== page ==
Contributed by William Curry,  member,  Happen.

Job seekers are sought out by sophisticated international con artists. These con artists flock to the Internet and offer up one sophisticated hoax after another on unsuspecting job seekers. 

Many of the hoaxes follow the format of offering a job to a job seeker. Take the time to carefully read them over. Look at the sentence construction, the spelling, grammar even the punctuation and capitalization. If they look unprofessional they probably are a hoax. If a job looks unprofessional this shows the job ad has been written by someone who doesn’t write English or by someone who hasn’t spent any time on it. A job seeking is more than likely attracted to the subject of the offer that they may not notice or object to the unprofessionalism of badly written sentences.  Be aware that this is a clear indicator of a job ad hoax. Be discerning take care to notice that the job ad is written badly and is a hoax. 

When reading the job ad look for any references to a foreign country, non-USA/Canada. This might be a foreign location address, contact address, telephone or email. This is another indicator that the job offer isn’t real. It’s done to make it difficult to check up on the con artists using such tactics. Also, the legal enforcement of hoaxes carried out internationally is more difficult and the perpetrators are more likely to be able to engage in them. 

A sure way to tell that a job ad is a hoax is that is asks you to provide your bank account, credit card or other personal financial information. The only time you will give such information to your employer is after you have met them and you’ve received a job offer and accepted it. Such hoaxes may ask you to supply such information in a way that does not give rise to you waving too many red flags. It may ask for a bank name where you do business, or, if you have a credit card or not. In itself these questions may not alarm you but later a question about an account number which may seem innocent and the result is that you have divulged your personal financial information. These hoaxes are designed to get such information from you and to steal money or your identity from you. If you have done this wherever possible change these personal financial affairs as fast as you can.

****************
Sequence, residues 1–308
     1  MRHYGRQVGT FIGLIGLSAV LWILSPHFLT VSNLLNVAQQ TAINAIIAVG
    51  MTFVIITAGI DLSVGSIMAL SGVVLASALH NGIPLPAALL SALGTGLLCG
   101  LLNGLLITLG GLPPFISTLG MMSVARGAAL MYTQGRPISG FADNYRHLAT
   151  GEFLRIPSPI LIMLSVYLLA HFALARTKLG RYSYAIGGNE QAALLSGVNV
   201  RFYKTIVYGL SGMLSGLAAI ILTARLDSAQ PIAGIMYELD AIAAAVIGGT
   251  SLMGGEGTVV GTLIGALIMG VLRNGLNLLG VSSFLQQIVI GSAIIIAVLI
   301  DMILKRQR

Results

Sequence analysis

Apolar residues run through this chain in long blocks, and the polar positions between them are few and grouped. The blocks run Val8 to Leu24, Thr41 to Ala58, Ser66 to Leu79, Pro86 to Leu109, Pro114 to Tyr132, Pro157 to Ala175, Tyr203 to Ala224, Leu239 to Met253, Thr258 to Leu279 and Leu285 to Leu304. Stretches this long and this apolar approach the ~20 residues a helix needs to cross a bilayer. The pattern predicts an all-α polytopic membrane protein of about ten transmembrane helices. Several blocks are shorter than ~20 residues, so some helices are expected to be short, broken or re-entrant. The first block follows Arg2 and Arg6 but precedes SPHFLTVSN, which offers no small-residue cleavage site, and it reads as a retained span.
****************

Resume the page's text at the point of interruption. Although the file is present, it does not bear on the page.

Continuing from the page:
Some things to do before replying to a job ad that seems to be a hoax:

1. Using the company name as a keyword search blogs here:


You will find some discussion of the questionable company helpful. 

2. If it’s a big scam you’ll find it here:


Please, if you find one (1) questionable comment or alert about a company that you think is trying to engage you in a hoax, this is all you need to confirm your worst suspicions.

General disclaimer : The content presented here are views of the contributing author and not of Happen Inc.  This article is for information purposes only.